The C.H. Robinson freight middleman has been at work fitting user portals’ technology to a broader strategy shift that “goes back a number of years,” says company President for North American Surface Transportation Bob Biesterfeld. Biesterfeld outlined some of the changes carriers of all sizes doing business with C.H. Robinson are seeing now in this late April blog post.
When I got on the phone with him a couple days ago, he noted that the origin of changes, in effect streamlining carriers’ access to the Robinson freight universe and bringing the domestic freight program into the company’s global “Navisphere” branding, goes back four years. Biesterfeld and others at the company “sat down and saw the landscape was changing for 3PLs and truckers. We wanted to add value for our [shipper] customers and also back to the carriers.” Part of that included an internal aspiration to recognized by the carriers contracting with C.H. Robinson on freight movements as “their 3PL of choice,” he adds.
Conversely, the company wanted to be able to deliver the “same level of recognition for the carriers,” many of them owner-operators, of course. “What we know is that 85 percent of our freight is with carriers with less than 100 pieces of equipment,” and that new owner-operators contract with the broker daily. What’s valuable in a brokerage service for owner-operators is “a lot different from a lot of the publicly traded companies,” Biesterfeld adds.
The company surveyed its carrier partners, and the results showed “carriers wanted ease of use,” he says. Keep tech simple. But an important theme also emerged — “that they needed a better way to plan ahead and be consistent, avoiding empty miles and having earlier access to freight” to reduce situations where they’re stuck somewhere now worried how to get home.
Carriers also noted a desire for opportunities with their broker partners for “more consistency in volume and rates,” and access to freight mattered a lot to small carriers. While “more and more load boards are becoming available,” Biesterfeld says, “if you can see a load and you can’t get it, it’s worthless.”
C.H. Robinson has launched its Carrier Advantage program as a response. Carriers who work closely with C.H. Robinson, meeting some volume requirements, and show consistency of on-time performance and excellence in other measures, will “get unbridled [and earlier] access to freight,” Biesterfeld says. “Those that don’t provide the same level of service — they get access to the freight next.”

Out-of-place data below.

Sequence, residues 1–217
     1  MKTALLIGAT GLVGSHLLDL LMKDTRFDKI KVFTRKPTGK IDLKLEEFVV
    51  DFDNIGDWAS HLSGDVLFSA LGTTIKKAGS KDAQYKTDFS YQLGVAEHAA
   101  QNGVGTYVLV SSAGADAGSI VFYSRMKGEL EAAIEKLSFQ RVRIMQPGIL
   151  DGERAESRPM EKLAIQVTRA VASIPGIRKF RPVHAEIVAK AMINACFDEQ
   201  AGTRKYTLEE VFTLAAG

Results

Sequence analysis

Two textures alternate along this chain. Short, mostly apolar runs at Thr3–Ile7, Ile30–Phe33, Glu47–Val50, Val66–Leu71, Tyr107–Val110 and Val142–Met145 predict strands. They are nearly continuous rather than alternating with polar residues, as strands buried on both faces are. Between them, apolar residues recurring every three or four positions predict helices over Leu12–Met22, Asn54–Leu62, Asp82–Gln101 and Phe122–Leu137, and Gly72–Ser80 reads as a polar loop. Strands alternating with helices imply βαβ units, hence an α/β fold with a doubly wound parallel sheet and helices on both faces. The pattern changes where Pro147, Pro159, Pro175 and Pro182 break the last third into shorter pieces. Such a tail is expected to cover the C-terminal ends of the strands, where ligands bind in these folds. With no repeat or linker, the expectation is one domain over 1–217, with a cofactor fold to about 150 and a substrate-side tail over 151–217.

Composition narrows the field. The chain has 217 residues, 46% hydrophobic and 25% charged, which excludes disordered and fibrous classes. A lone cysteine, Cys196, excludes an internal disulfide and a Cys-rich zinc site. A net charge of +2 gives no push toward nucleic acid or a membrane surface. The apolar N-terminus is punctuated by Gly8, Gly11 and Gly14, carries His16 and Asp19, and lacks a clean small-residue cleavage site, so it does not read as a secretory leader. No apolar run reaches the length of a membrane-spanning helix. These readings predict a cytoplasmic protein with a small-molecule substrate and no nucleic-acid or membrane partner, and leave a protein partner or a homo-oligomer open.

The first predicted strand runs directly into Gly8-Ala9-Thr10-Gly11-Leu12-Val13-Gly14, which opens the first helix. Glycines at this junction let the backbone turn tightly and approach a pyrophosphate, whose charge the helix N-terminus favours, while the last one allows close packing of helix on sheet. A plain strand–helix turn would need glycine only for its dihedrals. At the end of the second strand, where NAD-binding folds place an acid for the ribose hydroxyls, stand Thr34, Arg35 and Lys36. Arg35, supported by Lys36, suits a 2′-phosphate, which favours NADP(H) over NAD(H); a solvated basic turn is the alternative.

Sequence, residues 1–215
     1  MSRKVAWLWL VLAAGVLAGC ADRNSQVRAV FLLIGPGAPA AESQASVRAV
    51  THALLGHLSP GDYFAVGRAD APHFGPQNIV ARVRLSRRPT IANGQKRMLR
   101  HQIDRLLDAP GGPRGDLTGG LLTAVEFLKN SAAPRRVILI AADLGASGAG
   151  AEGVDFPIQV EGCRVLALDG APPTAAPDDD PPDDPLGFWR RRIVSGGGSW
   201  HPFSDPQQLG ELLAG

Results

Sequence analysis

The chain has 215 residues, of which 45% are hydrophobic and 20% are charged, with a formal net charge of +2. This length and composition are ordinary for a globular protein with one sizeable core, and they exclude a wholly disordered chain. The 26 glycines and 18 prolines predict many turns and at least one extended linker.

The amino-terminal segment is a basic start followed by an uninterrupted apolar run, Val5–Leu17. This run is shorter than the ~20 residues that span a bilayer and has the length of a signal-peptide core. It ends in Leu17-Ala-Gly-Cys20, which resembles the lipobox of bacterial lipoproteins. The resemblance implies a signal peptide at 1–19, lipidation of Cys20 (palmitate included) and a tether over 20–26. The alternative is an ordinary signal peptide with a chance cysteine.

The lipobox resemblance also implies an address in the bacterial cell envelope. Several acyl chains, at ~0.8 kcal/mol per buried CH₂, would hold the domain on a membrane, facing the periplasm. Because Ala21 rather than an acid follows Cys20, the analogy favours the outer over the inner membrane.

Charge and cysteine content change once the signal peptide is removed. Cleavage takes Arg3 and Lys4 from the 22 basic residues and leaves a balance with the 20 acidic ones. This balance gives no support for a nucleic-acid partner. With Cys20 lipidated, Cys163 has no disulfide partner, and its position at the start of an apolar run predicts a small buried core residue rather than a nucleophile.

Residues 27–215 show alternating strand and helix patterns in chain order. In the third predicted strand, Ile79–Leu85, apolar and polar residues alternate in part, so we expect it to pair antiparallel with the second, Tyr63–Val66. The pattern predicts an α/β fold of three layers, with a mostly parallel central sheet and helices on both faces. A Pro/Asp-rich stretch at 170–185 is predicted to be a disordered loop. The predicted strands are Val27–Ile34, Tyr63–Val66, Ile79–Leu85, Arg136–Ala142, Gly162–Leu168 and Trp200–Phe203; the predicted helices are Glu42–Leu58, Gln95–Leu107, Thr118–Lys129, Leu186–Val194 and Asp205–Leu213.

The various tiers, some based on performance against peer groups of similarly sized carriers, are spelled out on this page at the company’s website.
It also opens up a new “avenue to be more automated,” Biesterfeld says, encouraging carriers to “provide status updates via the web or mobile apps.”
While automation in the company’s interactions with its customers isn’t moving toward the kind of “uber for trucking” situation so many have envisioned — Biesterfeld calls that a process of “disintermediation,” or replacing middlemen with tech — he does note that “technology continues to get more relevant” to the freight transaction and movement process. “How can we use technology to benefit all parties?” he asks, a question some of the recent changes at the company are intended to answer.
The new Navisphere Carrier web portal is live and available, “primarily utilized by dispatchers [and multi-role owners] from the back office,” he says. Those utilizing the CHRWTrucks mobile app will see launch of a new mobile app with the Navisphere branding “later in the year.”
Varying levels of automation are coming in that area, but Biesterfeld emphasizes the company’s “not trying to replace the relationship between our people and the carrier.” Describing a new aspect of the web portal, for instance, he notes the case of an owner-operator or dispatcher in advanced load planning mode; can’t do that 24/7, as physical offices close or are reduced to skeleton staffs. Built-in new functionality allows for online offers to be delivered and followed up on later.
Otherwise, the new portal “has a completely new look and feel and smarter searching,” he says. “If a carrier just went from L.A. to Chicago and they are based in Dallas, smart search will show them loads back to L.A., to Dallas and others that just get them out of Chicago.”
Beta testing among a variety of owner-operators is ongoing for the new mobile app. Keep an eye out for it through the next several months.